William de Warenne, first earl of Surrey, was a younger son of Rodulf de Warenne and his wife Beatrix. It is possible that Beatrix was a niece of Duchess Gunnor of Normandy, making young William a cousin of William the Bastard, Duke of Normandy. The family name is probably derived from the hamlet of Varenne, part of the Warenne lands in the modern French department of Seine-Inférieure, Normandy. William’s older brother, Rodulf or Ralph, would inherit the greater part of the Warenne family estates in Normandy.
William’s date of birth is unrecorded; a younger son of the minor nobility does not tend to get a mention until he does something remarkable or becomes someone notable. Although still young William was considered a capable and experienced enough soldier to be given joint command of a Norman army, by the mid-1050s. His first recorded military action is in the 1054 campaign against the French. He was one of the commanders who fought against the King of France’s brother, Count Odo, at the Battle of Mortemer.
De Warenne was rewarded with some of the lands of his kinsman, Roger (I) de Mortemer, who had fought for the French. William managed to retain some of these lands even after Mortemer was restored to favour, including the castles of Mortemer and Bellencombre. Bellencrombe would become the capital of the de Warenne estates in Normandy. De Warenne had also received some of the confiscated lands of William, count of Arques in 1053. Duke William’s confidence in de Warenne is demonstrated in the fact he was one of the barons consulted during the planning of the invasion of England in 1066.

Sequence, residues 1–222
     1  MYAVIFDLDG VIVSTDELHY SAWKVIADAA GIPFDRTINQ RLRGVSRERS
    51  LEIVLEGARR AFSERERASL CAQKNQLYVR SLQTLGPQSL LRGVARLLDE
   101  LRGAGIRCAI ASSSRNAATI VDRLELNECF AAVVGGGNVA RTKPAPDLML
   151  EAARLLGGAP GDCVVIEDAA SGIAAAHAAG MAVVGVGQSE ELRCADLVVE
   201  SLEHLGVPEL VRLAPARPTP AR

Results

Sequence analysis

In fact, William de Warenne is one of only a handful of Norman barons who can be positively identified as having fought at the Battle of Hastings on 14th October, 1066. De Warenne was rewarded with vast swathes of land throughout the country. According to the Domesday survey his lands extended over 13 counties: stretching from Conisbrough in Yorkshire to Lewes in Sussex. His territories were acquired over the course of the reign of William I and elevated him the highest rank of magnates. By 1086 his riches were only surpassed by the king’s half-brothers and his own kinsman, Roger de Montgomery. He still ranks in the Top 20 of the richest people in the world – ever!